Raising independent learners

Subtitled “A Guide to Online and Offline Schooling,” this is the latest book by Ateneo professor Queena N. Lee-Chua from Anvil Publishing. With schools shifting to online classes and modules because of the global pandemic, education has become a more daunting task.

Students are lost and anxious. How can they truly learn without sacrificing their mental health? And their parents, unprepared for the task at hand, grow confused about the kind of parents they are expected to be in these unprecedented times. How do they tutor their kids effectively? What can they do to motivate kids, whom everyone thinks are far different from earlier generations of children? How do they instill the important value of discipline?

These are the concerns that are contained in this book by the author, who is also a mother, a professor and a psychologist. Dr. Lee-Chua goes to the heart of the matter: the answer to these concerns, she says in this helpful book, is for students to learn independently. This book contains the most relevant topics from the author’s books, webinars and columns, collated and updated to address the worries of parents and students. After all, with the right guidance, children should become independent learners– whether online or offline.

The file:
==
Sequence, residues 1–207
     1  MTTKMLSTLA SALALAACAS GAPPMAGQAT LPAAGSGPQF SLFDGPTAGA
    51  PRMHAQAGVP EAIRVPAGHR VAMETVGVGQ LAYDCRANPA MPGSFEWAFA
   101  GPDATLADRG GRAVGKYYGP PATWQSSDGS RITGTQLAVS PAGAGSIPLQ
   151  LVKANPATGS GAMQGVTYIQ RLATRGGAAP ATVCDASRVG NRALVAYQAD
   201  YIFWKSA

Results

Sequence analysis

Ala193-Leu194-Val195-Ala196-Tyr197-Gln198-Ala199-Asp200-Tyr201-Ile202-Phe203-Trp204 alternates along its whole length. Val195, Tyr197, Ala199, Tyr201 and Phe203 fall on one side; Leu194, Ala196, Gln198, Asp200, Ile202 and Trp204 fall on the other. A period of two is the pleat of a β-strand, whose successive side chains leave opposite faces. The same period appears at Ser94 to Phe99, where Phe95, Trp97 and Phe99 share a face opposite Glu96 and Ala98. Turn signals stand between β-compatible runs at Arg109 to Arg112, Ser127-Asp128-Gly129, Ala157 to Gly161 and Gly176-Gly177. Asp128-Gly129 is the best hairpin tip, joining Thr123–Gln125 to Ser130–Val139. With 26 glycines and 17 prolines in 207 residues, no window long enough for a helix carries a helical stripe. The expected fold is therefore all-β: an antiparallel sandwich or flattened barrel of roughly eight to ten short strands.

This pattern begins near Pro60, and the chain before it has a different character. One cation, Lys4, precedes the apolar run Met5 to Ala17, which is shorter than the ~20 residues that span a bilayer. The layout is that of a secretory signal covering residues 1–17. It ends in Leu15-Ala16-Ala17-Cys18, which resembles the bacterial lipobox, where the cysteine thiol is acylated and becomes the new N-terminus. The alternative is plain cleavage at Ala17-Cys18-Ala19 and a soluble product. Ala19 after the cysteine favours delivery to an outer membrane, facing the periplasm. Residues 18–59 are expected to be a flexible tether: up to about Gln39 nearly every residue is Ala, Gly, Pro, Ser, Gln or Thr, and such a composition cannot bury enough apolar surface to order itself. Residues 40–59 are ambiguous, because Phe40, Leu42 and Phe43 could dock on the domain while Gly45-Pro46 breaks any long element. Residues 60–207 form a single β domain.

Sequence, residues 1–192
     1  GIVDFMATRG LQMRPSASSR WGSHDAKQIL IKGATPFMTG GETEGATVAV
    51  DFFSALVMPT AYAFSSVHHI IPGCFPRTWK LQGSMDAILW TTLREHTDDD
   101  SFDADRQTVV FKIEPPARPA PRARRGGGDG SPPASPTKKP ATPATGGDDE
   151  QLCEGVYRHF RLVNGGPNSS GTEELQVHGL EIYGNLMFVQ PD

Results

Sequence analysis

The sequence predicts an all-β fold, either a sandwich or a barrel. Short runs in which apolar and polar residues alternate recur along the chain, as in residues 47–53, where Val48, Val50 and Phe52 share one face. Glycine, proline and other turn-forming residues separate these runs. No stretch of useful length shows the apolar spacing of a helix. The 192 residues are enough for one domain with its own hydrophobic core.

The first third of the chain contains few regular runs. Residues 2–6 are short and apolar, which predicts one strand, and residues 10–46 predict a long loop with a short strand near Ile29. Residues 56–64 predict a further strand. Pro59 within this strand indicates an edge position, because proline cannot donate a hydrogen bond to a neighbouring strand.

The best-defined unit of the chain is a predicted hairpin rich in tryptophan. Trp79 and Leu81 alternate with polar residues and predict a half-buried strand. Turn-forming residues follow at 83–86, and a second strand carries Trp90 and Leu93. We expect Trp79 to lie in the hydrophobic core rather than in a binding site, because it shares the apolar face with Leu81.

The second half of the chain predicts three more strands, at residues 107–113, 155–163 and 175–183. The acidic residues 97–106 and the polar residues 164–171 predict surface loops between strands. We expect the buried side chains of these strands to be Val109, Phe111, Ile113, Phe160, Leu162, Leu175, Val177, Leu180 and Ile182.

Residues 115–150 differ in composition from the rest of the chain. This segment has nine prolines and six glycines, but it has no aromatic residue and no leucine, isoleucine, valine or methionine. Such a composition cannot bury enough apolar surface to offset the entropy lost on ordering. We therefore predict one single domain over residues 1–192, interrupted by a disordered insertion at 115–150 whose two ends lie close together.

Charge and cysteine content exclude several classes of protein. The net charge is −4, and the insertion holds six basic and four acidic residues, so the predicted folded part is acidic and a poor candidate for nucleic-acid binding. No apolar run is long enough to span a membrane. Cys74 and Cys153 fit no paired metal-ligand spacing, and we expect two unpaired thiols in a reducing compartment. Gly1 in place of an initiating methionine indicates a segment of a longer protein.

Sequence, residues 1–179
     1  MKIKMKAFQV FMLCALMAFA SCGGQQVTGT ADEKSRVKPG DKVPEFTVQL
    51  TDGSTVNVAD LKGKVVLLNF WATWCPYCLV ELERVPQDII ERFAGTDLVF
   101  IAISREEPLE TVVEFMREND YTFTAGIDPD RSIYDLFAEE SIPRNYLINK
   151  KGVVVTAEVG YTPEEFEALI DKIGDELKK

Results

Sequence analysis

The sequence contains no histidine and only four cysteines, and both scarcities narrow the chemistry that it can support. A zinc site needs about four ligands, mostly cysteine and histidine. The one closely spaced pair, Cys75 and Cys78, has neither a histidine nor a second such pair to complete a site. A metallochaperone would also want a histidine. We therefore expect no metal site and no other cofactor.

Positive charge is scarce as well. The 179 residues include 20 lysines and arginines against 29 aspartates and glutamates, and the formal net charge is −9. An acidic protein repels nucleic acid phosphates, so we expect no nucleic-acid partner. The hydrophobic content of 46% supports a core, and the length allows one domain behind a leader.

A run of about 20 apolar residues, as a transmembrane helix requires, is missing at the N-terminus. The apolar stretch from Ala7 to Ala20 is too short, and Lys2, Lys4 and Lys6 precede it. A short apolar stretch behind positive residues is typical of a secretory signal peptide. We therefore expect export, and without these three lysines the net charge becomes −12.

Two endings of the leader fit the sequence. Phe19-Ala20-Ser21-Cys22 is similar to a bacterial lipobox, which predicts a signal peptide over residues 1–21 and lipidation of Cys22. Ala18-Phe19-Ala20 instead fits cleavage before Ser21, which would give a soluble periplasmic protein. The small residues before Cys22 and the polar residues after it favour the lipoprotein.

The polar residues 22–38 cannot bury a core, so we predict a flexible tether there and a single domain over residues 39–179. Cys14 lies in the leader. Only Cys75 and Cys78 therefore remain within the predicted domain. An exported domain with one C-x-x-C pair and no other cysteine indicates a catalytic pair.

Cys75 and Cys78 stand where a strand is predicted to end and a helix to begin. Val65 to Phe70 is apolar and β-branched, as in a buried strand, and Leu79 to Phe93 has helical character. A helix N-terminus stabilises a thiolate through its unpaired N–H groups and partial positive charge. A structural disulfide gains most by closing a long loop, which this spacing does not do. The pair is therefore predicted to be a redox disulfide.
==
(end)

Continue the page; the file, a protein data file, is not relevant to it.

The book is divided into three chapters and in her Preface, the author notes: “The biggest problems that families face even in an online learning system stem from unresolved issues pre-pandemic, such as insufficient student motivation, children’s and teenager’s lack of focus in and out of class, parent-child conflict on discipline and communication, and so on.”

In “Resolutions for Parents,” she gave the following pointers for parents: be present for your child, especially in significant events, address academic difficulties early, help your child develop solid study habits, learn to let go and stop comparing your child to others.

Item number three is especially important. I’m teaching students in two universities and I keep on drilling into them the importance of solid study habits, even in this pandemic. The parents should establish a routine for their child: snack, bath, homework, play, then sleep. If needed, give the yaya enough authority to enforce.

On the other hand, there are also helicopter parents who are “too present” in their child’s life. They “hover over their children, micromanaging each and every second, questioning their children’s decisions and never letting them make mistakes. Worse still, these parents fix the mistakes for their children.” This is a recipe for disaster: the children will grow up weak and spineless, and ridden with anxieties and lack of self-confidence.

Conversely, “Resolutions for Students” tells students to prepare mentally, emotionally and physically. A long-term project like a term paper or a PowerPoint presentation needs to be divided into tasks. Treat separate tasks as chunks. One day can be spent doing research online, the next day making an outline: one step at a time, as in that famous line about 1,000 steps to take to reach your journey.